“Gracious words are a honeycomb, sweet to the soul and healing to the bones.”  Proverbs 16:24

Several years ago, someone wrote an article about the late Robert Kennedy. It was about an event that occurred not long after the assassination of his brother, President John F. Kennedy. Robert, still heavy in heart, decided to appear publicly for the first time in order to honor a commitment to attend a party for orphaned children. When he arrived, he walked hesitantly into a room of noisy children. Suddenly, one little boy noticed Mr. Kennedy, ran up to him and shouted, “Your brother’s dead!  Your brother’s dead!” The room fell silent. The young child realized that he had done something wrong and began to cry. But Kennedy rose to the occasion. He bent down, swept up the boy in his arms, and held him close. A friend standing with Robert heard him whisper graciously, “It’s all right, I have another brother.”

We live in a day and age where the tongue is used more to tear or wound than to heal. As Christians, today more than ever, we can and need to use the power of our tongues to heal those that are hurting around us. So often when we encounter someone with strong emotions, like anger, fear, or sadness, we feel uncomfortable and try to make it go away. So, we might avoid the issue, or even push back against the person who is angry. Or we can stay safely disengaged but still seem like we’re caring by staying just on the surface sharing our “chicken soup” words of wisdom – it feels good, but doesn’t really meet the need.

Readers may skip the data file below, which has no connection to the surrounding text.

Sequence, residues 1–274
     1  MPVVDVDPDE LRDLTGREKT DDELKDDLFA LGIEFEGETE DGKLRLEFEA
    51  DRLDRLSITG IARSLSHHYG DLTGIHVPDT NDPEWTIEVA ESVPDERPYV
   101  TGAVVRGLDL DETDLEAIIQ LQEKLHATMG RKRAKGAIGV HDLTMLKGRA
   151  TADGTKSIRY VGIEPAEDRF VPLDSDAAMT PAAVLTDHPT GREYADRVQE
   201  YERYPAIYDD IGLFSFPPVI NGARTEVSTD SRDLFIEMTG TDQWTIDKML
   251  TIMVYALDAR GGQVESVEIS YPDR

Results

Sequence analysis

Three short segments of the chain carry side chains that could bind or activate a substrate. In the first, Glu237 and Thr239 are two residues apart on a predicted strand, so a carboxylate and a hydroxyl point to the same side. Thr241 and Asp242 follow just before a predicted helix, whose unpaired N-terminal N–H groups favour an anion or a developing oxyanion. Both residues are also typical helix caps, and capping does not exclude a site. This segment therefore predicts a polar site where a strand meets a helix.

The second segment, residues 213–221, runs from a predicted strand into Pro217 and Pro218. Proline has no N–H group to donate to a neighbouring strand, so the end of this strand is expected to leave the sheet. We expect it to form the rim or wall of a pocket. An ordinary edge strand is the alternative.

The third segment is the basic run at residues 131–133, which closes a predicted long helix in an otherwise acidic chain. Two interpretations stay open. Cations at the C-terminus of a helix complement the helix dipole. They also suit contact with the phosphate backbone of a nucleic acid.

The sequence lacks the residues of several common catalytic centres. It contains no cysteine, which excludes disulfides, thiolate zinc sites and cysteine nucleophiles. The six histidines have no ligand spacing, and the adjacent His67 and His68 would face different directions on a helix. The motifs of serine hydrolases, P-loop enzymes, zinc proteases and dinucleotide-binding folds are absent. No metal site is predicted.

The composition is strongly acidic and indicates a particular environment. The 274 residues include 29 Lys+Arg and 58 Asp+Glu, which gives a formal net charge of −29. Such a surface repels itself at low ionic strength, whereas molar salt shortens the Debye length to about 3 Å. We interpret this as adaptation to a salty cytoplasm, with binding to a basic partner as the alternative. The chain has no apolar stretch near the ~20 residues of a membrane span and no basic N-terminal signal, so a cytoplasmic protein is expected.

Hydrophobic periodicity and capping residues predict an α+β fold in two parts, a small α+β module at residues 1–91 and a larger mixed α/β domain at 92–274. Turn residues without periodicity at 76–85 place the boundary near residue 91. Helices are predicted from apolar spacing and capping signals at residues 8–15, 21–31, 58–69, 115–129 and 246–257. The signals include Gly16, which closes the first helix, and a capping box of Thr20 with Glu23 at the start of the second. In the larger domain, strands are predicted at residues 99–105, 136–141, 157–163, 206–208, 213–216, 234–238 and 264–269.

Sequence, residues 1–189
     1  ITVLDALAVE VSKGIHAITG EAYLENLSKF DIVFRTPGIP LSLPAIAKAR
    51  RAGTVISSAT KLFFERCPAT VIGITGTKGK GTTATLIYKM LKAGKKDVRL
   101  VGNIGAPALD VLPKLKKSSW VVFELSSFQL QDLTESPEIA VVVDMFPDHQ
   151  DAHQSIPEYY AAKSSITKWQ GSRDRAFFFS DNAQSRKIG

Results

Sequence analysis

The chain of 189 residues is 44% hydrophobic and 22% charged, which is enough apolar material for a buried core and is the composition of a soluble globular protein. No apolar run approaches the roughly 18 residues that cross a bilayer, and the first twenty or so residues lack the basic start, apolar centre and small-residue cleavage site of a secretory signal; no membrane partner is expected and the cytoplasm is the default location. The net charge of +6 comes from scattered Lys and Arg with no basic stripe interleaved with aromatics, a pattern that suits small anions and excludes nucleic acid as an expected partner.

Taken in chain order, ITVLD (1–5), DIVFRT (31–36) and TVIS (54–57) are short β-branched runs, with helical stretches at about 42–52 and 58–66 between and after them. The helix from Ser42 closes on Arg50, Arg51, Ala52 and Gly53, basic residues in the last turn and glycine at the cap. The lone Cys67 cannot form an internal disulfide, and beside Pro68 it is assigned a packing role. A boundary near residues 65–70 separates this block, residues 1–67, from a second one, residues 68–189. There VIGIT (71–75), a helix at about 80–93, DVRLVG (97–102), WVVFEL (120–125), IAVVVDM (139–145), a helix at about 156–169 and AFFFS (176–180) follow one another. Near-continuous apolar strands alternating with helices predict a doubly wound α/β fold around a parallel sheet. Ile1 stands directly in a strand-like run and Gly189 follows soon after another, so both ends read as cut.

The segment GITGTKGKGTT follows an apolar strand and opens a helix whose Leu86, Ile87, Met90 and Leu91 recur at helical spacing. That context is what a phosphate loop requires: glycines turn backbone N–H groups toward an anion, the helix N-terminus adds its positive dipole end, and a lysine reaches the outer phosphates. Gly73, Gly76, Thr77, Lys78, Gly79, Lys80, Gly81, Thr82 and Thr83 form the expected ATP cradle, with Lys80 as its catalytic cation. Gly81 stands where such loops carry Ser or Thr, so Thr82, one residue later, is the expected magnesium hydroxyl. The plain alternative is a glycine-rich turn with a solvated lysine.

As representatives of the God who not just cares (1 Peter 5:7), but who also engages with the hurting (1 John 4:9-10), we need to take the opportunities He places around us to engage with heartfelt love and compassion. We need to seek to understand the source of people’s pain and engage with it. In a word to show them – empathy. It is hard and uncomfortable, but it’s one of the best ways I know that we can reflect the image of the God we know and love.

“Put on then, as God’s chosen ones, holy and beloved, compassionate hearts, kindness, humility, meekness, and patience.” (Colossians 3:12)